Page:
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by Rob Reid
With book sales going digital much faster than music sales did, why is the publishing industry growing, and not imploding? How threatened are publishers & labels as content creators start developing audiences directly through iTunes and Kindles? What does this mean for independent writers & musicians? And do our deranged copyright laws benefit anyone but profiteering lawyers? Rob Reid’s talk will compare the online challenges faced by publishing vs. music. Rob founded Listen.com, which created Rhapsody – the first digital music service fully licensed by every major label. Rhapsody remains one of the largest online music services, and is owned by MTV and RealNetworks. Now an author, Rob’s in the thick of another industry’s digital transformation. Rob’s book Year Zero (published by Random House this July) addresses some of these issues. In it, aliens seek to erase the ruinous fines on their vast collections of pirated American music by destroying the Earth. Parts of it are made up.
On 2010, the U.S. Copyright Group quietly targeted tens of thousands BitTorrent users for legal action in federal court in Washington DC. The defendants, who started off as unnamed "John Does", were accused of having downloaded independent films such as "Far Cry," "Steam Experiment," and "The Hurt Locker" without authorization. The organization went on to sue thousands of defendants at a time, hoping to extract quick and easy settlements. By the end of the year, U.S. Copyright Group had been joined by similar companies that sued people all over the United States for allegedly downloading porn and for reproducing newspaper articles in blogs. In less than two years, copyright trolls have sued almost 200,000 people.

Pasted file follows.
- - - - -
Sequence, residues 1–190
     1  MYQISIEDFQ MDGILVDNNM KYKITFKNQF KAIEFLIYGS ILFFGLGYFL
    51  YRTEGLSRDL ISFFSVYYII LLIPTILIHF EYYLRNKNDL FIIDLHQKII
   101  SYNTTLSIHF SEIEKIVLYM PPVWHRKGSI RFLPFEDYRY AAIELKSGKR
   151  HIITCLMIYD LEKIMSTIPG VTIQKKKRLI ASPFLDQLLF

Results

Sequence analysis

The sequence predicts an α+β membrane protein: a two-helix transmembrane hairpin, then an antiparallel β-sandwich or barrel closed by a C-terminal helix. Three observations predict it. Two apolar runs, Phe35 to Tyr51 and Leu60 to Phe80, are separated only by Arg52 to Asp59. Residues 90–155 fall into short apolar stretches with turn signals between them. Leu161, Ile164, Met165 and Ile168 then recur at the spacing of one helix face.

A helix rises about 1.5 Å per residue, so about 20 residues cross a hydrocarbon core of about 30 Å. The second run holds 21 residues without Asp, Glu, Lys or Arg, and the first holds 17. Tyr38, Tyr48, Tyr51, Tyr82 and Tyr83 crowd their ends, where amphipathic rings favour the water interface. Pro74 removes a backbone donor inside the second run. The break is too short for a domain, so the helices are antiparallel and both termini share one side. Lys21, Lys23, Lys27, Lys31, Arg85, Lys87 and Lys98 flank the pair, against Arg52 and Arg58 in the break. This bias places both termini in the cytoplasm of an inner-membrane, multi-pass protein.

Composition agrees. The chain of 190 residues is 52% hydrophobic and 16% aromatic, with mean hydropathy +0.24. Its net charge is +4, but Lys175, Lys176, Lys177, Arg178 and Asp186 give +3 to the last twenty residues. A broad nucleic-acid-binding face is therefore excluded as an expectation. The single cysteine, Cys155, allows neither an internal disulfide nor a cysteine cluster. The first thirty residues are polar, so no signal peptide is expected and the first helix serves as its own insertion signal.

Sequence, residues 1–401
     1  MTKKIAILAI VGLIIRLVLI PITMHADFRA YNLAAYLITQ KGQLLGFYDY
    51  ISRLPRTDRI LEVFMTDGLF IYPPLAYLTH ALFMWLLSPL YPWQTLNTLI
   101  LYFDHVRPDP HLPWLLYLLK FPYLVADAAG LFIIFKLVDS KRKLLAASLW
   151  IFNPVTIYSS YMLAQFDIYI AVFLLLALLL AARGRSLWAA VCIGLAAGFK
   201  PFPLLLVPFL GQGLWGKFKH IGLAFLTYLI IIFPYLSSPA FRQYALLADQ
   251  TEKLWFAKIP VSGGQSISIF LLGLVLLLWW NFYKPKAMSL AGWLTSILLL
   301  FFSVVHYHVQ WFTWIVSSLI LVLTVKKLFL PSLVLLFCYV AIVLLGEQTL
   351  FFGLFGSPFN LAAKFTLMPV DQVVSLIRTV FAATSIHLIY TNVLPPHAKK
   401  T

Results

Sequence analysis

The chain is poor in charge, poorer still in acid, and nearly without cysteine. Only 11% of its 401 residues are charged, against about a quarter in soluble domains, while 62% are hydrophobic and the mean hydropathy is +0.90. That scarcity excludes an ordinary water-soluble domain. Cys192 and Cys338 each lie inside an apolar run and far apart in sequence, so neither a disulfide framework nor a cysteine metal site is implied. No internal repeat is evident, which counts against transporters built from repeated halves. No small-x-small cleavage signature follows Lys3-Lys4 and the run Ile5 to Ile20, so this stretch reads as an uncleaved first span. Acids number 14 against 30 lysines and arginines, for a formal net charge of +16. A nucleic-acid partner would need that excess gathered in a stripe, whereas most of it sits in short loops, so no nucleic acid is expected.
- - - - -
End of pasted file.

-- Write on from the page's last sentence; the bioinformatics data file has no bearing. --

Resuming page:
Who are the copyright trolls? What should you do if you are a content owner approached by copyright trolls? What should you do if you are one of the 200,000 people being sued? And what is being done about this new and disturbing business model?
This January, 15 million people came out and had their voice heard in opposition to the Stop Online Piracy Act and the Protect IP act. Major technology organizations and startups, such as Mozilla, Wordpress, and Wikipedia, took their first ever leap into engaging into technology policy issues. The Internet spoke, and for a single day was virtually unified in its opposition to these bills.
So SOPA and PIPA are dead, right? Well, not actually.
In this session, we'll discuss how we're just at the beginning of a much longer battle. We'll examine what's at stake for the future of the open internet. What could change if things turn out differently? Why should entrepreneurs, technologists, creators, and members of the internet community care? What are the real issues that could effect each and every one of us if we don't continue in the direction of a free and open internet? And why does the internet need us now?
by Robert Spanner